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Businessman wants to give Turkish coffee the place it deserves

A woman drinks a coffee during the Istanbul Coffee Festival (ICF) at Kucukciftlik Park in Istanbul, Turkey on September 20, 2018 [Veli Gürgah/Anadolu Agency]
A worker pours coffee during the Istanbul Coffee Festival (ICF) at Kucukciftlik Park in Istanbul, Turkey on 20 September 2018 [Veli Gürgah/Anadolu Agency]

Just as there is World Coffee Day on 1 October, Turkey wants to turn 5 December into "World Turkish Coffee Day" by giving everyone at New York's Times Square a taste of the traditional beverage, said a Turkish businessperson, Anadolu News Agency reports.

Murat Kolbasi, Chairman of Arzum Electrical Home Appliances, and a member of the Board of Directors of the Turkish Coffee Culture and Research Association, told Anadolu Agency that coffee bean companies recognise Turkish coffee.

Kolbasi said coffee beans can only be grown in hot countries on the equator, but 80 per cent of this business is worldwide. He explained that countries such as Switzerland, Germany, the Netherlands and the US are doing the processing, selling and serving of coffee.

Noting that they are working on making 5 December World Turkish Coffee Day, he said Turkish coffee deserves a special day just like World Coffee Day on 1 October.

"We would like to enable Turkish coffee to be tasted in Times Square by everyone who is in New York on 5 December. We did it on a different date previously, but now 5 December is very important for us. This project developed this year. We are very firmly prepared," he said.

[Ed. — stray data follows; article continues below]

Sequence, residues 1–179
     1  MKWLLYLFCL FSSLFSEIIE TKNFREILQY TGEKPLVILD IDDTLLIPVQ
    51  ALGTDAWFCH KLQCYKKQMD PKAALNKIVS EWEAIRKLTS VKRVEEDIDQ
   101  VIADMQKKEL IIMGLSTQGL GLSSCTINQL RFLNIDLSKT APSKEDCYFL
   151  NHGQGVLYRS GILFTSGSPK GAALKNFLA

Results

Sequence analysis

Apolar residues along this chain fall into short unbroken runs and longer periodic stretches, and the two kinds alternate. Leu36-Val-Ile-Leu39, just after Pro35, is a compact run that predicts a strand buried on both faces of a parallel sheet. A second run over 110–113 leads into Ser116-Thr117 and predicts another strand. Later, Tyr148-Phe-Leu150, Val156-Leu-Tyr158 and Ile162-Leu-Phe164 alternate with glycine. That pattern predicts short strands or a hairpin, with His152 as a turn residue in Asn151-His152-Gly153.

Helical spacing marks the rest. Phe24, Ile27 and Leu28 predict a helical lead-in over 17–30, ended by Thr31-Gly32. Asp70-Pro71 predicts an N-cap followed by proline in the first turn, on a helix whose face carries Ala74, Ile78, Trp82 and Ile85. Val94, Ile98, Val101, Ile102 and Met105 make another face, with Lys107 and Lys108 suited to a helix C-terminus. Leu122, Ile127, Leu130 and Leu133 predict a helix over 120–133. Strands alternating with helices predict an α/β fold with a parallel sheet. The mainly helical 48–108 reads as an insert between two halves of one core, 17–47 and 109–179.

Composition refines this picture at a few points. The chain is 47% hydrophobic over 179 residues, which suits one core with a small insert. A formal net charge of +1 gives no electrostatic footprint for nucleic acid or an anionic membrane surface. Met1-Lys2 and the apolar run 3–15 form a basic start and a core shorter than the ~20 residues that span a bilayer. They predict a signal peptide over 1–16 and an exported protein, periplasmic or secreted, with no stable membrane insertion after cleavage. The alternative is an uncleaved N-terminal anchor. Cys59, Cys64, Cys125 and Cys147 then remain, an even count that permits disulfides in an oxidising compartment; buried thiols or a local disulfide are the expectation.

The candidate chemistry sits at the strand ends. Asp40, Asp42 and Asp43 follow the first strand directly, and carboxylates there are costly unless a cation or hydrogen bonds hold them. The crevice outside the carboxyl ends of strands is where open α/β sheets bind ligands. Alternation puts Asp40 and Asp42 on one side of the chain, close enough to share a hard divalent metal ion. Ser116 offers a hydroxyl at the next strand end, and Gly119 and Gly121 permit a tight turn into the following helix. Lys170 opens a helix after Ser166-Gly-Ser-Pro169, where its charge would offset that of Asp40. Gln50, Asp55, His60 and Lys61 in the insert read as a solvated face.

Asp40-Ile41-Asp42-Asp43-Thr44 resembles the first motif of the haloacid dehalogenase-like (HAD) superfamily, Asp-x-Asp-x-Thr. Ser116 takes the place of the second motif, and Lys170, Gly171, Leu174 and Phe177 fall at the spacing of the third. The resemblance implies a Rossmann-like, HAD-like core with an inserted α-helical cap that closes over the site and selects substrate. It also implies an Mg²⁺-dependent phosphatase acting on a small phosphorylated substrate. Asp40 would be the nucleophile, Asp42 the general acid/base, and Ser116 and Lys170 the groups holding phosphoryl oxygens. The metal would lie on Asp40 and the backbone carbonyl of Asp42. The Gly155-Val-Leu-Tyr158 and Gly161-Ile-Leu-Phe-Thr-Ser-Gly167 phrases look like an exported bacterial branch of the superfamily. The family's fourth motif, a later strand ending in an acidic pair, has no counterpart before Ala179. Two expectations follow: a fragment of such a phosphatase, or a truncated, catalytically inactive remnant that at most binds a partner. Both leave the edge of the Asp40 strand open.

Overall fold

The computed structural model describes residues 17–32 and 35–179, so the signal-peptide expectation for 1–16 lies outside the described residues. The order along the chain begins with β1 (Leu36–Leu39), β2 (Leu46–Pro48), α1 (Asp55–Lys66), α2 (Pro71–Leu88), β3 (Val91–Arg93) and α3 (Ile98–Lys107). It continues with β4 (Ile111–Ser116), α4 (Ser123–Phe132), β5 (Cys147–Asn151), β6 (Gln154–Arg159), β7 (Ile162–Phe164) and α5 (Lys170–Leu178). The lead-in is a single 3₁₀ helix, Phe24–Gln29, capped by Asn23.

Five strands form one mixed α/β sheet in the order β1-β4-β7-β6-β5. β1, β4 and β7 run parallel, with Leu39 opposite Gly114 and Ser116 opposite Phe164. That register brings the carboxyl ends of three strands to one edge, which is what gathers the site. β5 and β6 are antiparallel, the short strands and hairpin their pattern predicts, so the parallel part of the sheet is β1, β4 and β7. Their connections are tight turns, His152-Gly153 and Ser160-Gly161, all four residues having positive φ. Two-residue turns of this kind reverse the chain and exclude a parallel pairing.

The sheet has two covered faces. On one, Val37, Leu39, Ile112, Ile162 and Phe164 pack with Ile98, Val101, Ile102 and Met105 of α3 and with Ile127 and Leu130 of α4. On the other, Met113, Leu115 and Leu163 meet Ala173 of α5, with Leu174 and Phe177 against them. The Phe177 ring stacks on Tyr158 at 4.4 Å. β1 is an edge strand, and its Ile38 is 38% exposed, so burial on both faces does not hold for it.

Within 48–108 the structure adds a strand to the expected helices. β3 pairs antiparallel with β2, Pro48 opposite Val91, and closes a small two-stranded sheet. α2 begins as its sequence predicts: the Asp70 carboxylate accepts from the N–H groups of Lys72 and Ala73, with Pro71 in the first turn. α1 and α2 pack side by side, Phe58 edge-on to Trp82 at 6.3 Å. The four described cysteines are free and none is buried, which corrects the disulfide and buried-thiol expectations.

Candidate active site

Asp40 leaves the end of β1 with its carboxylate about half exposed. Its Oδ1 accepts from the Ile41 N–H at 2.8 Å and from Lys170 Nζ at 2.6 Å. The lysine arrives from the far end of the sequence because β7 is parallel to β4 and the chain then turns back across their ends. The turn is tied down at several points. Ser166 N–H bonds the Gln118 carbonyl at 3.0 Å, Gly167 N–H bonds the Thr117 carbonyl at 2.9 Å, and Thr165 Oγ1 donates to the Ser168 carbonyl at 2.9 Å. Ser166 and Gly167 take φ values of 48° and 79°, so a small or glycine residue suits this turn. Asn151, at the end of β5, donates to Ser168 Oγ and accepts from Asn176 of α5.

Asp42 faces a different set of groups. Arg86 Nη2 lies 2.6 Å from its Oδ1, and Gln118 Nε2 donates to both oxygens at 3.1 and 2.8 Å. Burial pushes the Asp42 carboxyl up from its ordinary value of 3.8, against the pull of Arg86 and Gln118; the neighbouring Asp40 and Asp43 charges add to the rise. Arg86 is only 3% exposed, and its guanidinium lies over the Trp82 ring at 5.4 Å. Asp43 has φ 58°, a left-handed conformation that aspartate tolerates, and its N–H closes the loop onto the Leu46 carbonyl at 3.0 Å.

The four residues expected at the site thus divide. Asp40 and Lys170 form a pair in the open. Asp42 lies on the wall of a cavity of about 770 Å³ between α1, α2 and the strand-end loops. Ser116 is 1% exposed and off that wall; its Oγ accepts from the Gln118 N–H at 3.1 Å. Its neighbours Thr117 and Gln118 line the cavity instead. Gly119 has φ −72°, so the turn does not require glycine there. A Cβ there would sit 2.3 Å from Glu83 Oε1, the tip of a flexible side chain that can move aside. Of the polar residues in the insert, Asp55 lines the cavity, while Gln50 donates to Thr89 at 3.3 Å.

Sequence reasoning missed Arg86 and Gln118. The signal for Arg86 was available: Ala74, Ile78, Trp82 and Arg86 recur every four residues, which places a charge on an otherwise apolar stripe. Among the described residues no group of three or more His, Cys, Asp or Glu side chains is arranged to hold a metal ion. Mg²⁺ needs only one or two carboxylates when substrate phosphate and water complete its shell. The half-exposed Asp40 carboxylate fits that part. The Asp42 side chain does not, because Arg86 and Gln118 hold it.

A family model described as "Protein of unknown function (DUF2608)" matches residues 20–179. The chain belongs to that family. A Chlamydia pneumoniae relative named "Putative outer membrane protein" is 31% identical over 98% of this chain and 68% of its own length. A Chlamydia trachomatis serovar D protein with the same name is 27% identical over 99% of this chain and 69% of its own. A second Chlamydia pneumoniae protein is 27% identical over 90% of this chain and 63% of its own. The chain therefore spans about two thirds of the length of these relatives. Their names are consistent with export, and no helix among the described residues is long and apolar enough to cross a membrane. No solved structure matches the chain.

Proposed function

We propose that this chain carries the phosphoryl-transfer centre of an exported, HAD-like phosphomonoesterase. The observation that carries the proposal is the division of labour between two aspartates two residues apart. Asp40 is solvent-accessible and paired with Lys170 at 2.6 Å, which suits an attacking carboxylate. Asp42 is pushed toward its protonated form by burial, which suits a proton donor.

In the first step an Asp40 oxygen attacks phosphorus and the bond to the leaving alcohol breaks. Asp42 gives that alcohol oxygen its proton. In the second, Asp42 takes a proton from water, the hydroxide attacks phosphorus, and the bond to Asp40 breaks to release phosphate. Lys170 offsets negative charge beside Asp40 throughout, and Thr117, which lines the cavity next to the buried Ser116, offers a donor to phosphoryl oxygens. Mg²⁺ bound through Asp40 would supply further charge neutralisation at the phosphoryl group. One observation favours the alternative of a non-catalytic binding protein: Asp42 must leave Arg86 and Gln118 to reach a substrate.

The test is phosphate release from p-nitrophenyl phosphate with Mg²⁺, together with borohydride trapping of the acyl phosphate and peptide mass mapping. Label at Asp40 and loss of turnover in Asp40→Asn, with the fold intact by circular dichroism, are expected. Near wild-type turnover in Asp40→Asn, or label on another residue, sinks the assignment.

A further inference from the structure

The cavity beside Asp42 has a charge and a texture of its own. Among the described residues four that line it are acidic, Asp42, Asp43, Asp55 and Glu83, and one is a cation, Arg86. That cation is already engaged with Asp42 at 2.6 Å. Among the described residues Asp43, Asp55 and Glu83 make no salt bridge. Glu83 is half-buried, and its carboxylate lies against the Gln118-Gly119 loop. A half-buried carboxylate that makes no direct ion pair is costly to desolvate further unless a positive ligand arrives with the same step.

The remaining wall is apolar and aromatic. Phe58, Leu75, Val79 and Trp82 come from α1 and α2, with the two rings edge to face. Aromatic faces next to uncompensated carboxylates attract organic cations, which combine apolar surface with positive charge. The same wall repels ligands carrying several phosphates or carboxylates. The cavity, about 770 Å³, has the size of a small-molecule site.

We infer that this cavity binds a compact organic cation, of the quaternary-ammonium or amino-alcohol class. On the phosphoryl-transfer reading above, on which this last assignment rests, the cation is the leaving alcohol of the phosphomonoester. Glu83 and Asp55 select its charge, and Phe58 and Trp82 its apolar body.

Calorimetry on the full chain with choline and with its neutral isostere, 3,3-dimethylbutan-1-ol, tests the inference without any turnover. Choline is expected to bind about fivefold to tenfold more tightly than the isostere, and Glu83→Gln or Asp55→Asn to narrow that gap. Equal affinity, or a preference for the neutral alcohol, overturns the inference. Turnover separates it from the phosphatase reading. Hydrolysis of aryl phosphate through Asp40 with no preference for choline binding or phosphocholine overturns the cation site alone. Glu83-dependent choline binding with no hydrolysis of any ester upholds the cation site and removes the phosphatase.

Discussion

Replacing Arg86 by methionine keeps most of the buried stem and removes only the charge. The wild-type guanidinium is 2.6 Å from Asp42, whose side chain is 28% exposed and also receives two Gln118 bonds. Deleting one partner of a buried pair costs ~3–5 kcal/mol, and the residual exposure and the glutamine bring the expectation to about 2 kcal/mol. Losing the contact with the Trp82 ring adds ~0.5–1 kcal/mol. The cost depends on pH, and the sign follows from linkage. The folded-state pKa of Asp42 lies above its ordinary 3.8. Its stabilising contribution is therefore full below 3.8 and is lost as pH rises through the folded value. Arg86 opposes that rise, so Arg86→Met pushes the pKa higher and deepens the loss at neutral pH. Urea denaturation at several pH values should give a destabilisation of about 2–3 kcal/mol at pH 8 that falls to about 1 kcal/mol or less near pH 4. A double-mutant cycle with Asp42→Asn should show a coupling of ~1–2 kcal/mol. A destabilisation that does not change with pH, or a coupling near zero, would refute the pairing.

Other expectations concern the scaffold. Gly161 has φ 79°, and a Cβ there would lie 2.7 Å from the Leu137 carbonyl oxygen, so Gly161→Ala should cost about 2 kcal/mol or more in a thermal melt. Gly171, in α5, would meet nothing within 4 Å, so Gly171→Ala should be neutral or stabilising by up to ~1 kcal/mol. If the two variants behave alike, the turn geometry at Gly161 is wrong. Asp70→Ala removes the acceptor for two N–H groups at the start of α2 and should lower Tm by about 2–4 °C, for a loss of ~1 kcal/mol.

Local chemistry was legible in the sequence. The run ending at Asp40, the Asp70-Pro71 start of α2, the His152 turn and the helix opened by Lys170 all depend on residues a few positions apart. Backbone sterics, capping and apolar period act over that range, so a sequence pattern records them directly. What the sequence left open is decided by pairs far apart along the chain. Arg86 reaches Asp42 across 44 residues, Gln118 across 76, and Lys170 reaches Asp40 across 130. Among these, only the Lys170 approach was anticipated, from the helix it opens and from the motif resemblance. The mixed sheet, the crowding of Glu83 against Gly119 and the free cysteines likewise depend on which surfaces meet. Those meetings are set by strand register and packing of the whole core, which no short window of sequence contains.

'Order Turkish coffee at cafes, restaurants abroad'

"I ask every Turkish citizen who goes abroad: even if you don't see Turkish coffee on the menu in a cafe or restaurant, ask for it. Turkish coffee will come to that menu, somehow.

"This is a national consciousness. In order for us to do this, we must persistently ask for Turkish coffee abroad," said Kolbasi.

"We have companies that make very good Turkish coffee, cups and machines. Let's get it all over the world together. We want to spread our coffee by fortune telling, because the fortune teller culture is widespread abroad. It attracts a lot of attention," he said.

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Referring to the reason why Turkish coffee is not as common as espresso, Kolbasi said: "This is about the late start of the electric heating method. The ability of electrical appliances to heat water and make coffee or tea quickly dates back to the 1890s, the first kettle … The first filter coffee machine in the 1920s, espresso in the 1940s …This is also the case in the 2000s. It was very difficult to make Turkish coffee with an electric product outside of the stove until 2002."

"Still, Turkish coffee is different from the machine habits of coffee shops in the world," he added.

'10 per cent of world's coffee consumed in form of Turkish coffee'

Noting that it has become very easy to make Turkish coffee abroad, he said that today, 15 Turkish brands and five international brands produce Turkish coffee machines.

"According to our research, 10 per cent of the coffee consumed in the world is consumed in the form of Turkish coffee," said Kolbasi.

"In 2008, we established the Turkish Coffee Culture and Research Association. We tried to remind people about the awareness of Turkish coffee in our country, and then we applied to UNESCO.

"For the first time in history, UNESCO registered a liquid drink as an 'intangible cultural heritage' on 5 December, 2013 in the Azerbaijani capital, Baku."

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"Greece and Italy objected while this was being done there. Italy said to us: 'You have come with such a file that if we object, you will take the espresso away from us'," he added.

"We have assets such as Turkish coffee and Turkish delight that have a Turkish name in front of them and are very well known in the world."

"The collaboration of any company that has become a brand in the world with the culture in the country where it is located, provides significant benefits in terms of perception. Culture and brand develop together."

"No one should give up on other coffees, but give Turkish coffee the place it deserves. Because, behind the fact that other coffees can be drunk today, there is a 600-year history of Turkish coffee."

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